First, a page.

Profit is a bimonthly Canadian business magazine aimed at entrepreneurs. The headquarters of the magazine is in Toronto.
Usage examples of "profit".
It is true, the prices assigned by the assize of Richard were meant as a standard for the accompts of sheriffs and escheators and as considerable profits were allowed to these ministers, we may naturally suppose that the common value of cattle was somewhat higher: yet still, so great a difference between the prices of corn and cattle as that of four to one, compared to the present rates, affords important reflections concerning the very different state of industry and tillage in the two periods.
But with accrual accounting, the matched portfolio showed a loss while the dangerous portfolio showed big profits.
But if Enron could switch the accounting, big profits from the contracts could be booked right away.
Using its aggressive accounting, Enron had long ago booked the total, lofty value of the gas contracts as profit.
With mark-to-market accounting, those increases translated into reported profits.
Still, with so much of the reported profits tied to mark-to-market accounting, Enron brought in comparatively little actual cash, the commodity desperately needed to pay for all of the spending and new businesses.
Planting new male mulberry trees is prohibited by law because their pollen is a powerful allergen, and Tucson gains profit and riches as a refuge for allergy sufferers and hypochondriacs.
Besides, the alligator farms have pretty much taken the profit out of poaching.
If the Earth were to suffer a catastrophic anthropogenic extinction event over the next ten years, which it will, American business would continue to focus on its quarterly profit and loss.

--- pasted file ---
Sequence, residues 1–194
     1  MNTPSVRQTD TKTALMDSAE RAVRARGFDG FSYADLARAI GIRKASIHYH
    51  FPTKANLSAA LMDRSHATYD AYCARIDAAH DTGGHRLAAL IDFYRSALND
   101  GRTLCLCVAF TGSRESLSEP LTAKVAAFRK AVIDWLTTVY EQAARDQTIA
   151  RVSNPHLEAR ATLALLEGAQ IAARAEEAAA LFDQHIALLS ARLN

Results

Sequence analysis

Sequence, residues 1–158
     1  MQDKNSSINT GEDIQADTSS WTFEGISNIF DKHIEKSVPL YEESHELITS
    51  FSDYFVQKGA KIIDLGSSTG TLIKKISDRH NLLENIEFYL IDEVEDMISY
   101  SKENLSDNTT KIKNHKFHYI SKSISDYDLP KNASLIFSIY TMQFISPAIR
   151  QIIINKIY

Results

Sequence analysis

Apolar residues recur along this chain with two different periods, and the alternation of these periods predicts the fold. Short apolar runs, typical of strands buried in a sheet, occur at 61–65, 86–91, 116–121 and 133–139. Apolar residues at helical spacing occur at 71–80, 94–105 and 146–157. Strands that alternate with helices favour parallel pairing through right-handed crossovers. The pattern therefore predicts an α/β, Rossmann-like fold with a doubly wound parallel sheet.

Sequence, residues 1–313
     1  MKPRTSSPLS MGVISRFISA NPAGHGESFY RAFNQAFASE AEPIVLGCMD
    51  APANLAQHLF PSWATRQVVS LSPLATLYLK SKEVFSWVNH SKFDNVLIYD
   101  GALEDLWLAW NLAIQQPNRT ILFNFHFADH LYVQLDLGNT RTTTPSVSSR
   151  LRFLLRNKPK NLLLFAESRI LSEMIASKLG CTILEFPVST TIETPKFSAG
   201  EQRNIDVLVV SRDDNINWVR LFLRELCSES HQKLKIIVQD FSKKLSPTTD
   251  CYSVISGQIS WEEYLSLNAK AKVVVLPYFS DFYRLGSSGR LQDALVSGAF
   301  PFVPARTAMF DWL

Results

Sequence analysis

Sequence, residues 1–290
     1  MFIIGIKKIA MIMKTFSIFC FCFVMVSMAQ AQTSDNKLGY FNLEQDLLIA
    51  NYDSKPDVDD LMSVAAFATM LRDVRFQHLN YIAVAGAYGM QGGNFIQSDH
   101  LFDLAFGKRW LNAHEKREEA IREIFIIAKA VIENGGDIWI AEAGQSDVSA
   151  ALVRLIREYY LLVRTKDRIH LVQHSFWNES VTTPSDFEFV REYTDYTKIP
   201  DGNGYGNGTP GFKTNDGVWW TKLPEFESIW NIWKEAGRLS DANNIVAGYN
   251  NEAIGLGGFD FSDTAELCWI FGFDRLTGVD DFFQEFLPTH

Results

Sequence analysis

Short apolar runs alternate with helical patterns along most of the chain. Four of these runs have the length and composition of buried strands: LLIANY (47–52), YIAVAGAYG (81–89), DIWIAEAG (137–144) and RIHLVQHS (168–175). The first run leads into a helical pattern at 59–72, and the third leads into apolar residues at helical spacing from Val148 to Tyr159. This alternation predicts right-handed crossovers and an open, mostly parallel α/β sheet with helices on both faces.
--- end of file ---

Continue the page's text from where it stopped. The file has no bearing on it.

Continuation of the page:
In the same way Thackeray keeps up a running comment on his men and women, and these bits of philosophy make his novels a storehouse of apothegms, which may be read again and again with great profit and pleasure.
But I repeat to your majesty that I have appraised the stones at a very low rate, and that I shall make large profits, and realize at least four thousand dollars.
He had finally disposed of all the assets of Pilasters Bank, and the syndicate that had rescued the bank had made a small profit.
The frequent possession of Assientos by the Portuguese and Dutch in the first half of the seventeenth century also facilitated this contraband, for when carrying negroes from Africa to Hispaniola, Cuba and the towns on the Main, they profited by their opportunities to sell merchandise also, and generally without the least obstacle.
The dear man was not however making a bad bargain, for the difference in the value of assignats with which he had paid and the good sound money he would receive made a pretty profit.
A killer behind bars, the Alvarez thing over, his past reconciled, a bankable profit for all, and Rosemary.